The Science of Nature

, 102:14 | Cite as

Evolution of a complex behavior: the origin and initial diversification of foliar galling by Permian insects

Original Paper

Abstract

A central notion of the early evolution of insect galling is that this unique behavior was uncommon to rare before the diversification of angiosperms 135 to 125 m.yr. ago. However, evidence accumulated during recent years shows that foliar galls were diverse and locally abundant as early as the Permian Period, 299 to 252 m.yr. ago. In particular, a diversity of leaf galling during the Early Permian has recently been documented by the plant-damage record of foliar galls and, now, our interpretation of the body-fossil record of culprit insect gallers. Small size is a prerequisite for gallers. Wing-length measurements of Permian insects indicate that several small-bodied hemipteroid lineages originated early during the Permian, some descendant lineages of which gall the leaves of seed plants to the present day. The earliest foliar gallers likely were Protopsyllidiidae (Hemiptera) and Lophioneuridae (Thripida). Much of the Early Permian was a xeric interval, and modern galls are most common in dry, extra-tropical habitats such as scrubland and deserts. Plant-damage, insect body fossils, and the paleoclimate record collectively support the ecological expansion of foliar galling during the Early Permian and its continued expansion through the Late Permian.

Keywords

Body mass Diet Hemiptera Late Paleozoic Leaves Lophioneuridae Paleoecology Protopsyllidiidae Wing length 

Notes

Acknowledgments

We thank William A. DiMichele, William O. Lamp, Charles Mitter, Jered Karr, and Peter Van Roy for discussions about the ideas presented in this paper. Olivier Béthoux and one anonymous reviewer provided important feedback on an earlier version of this manuscript. We acknowledge the Paleobiology Database as our source data, of which this is contribution no. XXX. This is contribution 275 of the Evolution of Terrestrial Ecosystems Consortium at the National Museum of Natural History.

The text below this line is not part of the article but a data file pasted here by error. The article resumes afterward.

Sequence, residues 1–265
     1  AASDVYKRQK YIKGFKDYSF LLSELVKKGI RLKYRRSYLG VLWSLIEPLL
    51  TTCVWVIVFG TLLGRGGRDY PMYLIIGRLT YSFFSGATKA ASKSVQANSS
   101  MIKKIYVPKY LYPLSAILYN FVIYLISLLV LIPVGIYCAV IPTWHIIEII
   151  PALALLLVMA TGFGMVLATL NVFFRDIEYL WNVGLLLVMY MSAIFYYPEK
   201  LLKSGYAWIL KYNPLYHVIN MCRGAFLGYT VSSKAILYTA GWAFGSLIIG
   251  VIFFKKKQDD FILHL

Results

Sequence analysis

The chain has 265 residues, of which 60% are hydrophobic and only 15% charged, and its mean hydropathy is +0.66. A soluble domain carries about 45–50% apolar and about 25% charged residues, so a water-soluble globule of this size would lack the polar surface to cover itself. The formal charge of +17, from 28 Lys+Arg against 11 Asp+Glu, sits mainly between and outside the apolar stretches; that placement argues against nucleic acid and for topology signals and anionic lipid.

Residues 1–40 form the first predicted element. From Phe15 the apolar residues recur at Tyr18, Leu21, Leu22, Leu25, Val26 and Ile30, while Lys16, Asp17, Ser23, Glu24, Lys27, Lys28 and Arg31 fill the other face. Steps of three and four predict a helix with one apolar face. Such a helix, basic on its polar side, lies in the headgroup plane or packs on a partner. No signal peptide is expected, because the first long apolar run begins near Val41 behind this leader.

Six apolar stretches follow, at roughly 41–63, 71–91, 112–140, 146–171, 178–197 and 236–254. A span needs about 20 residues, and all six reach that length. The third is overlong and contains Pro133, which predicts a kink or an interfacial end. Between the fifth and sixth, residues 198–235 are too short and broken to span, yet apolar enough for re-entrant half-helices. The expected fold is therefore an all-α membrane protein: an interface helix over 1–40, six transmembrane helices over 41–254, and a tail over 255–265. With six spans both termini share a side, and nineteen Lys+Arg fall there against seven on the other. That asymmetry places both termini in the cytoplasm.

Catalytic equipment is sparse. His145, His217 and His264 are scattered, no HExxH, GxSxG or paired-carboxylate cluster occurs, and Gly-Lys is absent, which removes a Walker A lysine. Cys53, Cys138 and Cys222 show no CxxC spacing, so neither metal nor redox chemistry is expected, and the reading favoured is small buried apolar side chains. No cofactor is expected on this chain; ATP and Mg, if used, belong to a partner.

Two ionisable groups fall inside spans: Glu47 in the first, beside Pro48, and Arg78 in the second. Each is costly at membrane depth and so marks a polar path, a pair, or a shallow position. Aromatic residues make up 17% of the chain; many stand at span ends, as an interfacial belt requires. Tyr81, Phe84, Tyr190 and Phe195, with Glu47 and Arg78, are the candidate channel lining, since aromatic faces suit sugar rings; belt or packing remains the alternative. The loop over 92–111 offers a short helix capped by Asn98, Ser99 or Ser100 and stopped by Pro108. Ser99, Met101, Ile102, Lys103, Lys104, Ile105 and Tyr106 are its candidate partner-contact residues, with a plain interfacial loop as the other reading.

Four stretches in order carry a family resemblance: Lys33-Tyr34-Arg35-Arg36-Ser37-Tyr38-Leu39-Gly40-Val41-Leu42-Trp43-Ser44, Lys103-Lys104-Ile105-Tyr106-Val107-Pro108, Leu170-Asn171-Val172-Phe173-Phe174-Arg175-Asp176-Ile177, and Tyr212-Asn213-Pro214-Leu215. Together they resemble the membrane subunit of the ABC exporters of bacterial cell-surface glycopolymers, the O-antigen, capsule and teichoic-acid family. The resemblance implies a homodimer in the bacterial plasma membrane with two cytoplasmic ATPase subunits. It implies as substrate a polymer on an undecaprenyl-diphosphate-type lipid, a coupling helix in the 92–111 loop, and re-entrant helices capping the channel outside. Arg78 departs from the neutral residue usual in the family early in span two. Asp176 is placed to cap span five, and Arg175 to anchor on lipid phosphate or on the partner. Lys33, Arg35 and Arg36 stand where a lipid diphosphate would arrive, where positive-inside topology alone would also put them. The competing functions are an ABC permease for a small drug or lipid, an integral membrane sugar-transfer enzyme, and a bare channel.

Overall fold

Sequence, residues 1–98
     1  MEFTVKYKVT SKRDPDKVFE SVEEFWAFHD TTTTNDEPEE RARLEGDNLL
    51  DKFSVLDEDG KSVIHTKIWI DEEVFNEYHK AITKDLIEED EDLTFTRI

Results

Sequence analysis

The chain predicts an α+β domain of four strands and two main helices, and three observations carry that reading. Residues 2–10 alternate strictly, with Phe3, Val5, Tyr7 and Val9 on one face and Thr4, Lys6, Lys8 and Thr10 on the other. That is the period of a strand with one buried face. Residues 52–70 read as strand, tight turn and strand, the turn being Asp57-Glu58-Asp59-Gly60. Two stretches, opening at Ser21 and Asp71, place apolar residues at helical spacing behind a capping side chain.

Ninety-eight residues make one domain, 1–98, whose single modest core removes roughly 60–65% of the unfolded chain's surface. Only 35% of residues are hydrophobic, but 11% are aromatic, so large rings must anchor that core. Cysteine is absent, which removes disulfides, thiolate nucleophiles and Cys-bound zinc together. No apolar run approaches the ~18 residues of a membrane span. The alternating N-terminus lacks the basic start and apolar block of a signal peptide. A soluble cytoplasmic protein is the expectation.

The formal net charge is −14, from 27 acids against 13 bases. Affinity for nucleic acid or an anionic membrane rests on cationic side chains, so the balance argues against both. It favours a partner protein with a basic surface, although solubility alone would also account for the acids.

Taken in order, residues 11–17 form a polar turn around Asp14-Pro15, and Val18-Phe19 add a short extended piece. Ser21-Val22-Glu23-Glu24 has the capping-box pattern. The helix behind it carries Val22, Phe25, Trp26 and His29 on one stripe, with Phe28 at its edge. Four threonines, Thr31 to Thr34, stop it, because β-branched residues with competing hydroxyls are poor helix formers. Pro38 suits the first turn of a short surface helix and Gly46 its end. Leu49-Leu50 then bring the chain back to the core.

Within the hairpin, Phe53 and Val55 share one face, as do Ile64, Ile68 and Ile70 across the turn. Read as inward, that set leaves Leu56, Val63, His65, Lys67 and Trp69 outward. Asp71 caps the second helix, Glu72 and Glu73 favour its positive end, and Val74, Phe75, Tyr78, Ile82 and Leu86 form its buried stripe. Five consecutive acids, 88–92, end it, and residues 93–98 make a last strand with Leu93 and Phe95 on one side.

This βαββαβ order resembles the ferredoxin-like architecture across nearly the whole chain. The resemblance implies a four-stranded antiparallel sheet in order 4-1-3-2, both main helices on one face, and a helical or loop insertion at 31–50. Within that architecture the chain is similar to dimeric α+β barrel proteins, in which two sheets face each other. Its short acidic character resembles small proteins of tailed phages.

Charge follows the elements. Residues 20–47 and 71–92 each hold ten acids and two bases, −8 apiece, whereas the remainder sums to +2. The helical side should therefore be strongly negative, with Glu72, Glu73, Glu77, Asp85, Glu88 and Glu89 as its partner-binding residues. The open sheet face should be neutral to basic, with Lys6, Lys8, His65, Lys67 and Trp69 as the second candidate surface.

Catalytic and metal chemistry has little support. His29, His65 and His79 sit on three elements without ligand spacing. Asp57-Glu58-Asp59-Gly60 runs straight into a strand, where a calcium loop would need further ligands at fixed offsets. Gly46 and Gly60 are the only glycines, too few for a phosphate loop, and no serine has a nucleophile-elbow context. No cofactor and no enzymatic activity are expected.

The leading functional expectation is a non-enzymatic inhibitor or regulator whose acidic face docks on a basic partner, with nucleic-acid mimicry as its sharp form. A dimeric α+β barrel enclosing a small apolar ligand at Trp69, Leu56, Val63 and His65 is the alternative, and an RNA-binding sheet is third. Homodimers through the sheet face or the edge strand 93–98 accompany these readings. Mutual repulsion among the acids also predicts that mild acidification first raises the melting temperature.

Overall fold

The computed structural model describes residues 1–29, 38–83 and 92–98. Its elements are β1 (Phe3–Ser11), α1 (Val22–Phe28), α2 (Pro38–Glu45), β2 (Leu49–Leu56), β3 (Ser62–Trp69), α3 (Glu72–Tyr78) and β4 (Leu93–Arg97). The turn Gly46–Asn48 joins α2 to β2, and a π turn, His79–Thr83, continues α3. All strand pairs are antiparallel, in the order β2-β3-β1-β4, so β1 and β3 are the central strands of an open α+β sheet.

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Copyright information

© Springer-Verlag Berlin Heidelberg (outside the USA) 2015

Authors and Affiliations

  • Sandra R. Schachat
    • 1
    • 2
    • 5
  • Conrad C. Labandeira
    • 1
    • 2
    • 3
    • 4
  1. 1.Department of Paleobiology, National Museum of Natural HistorySmithsonian InstitutionWashingtonUSA
  2. 2.Department of EntomologyUniversity of MarylandCollege ParkUSA
  3. 3.BEES ProgramUniversity of MarylandCollege ParkUSA
  4. 4.College of Life SciencesCapital Normal UniversityBeijingChina
  5. 5.Department of Biochemistry, Molecular Biology, Entomology & Plant PathologyMississippi State UniversityStarkvilleUSA

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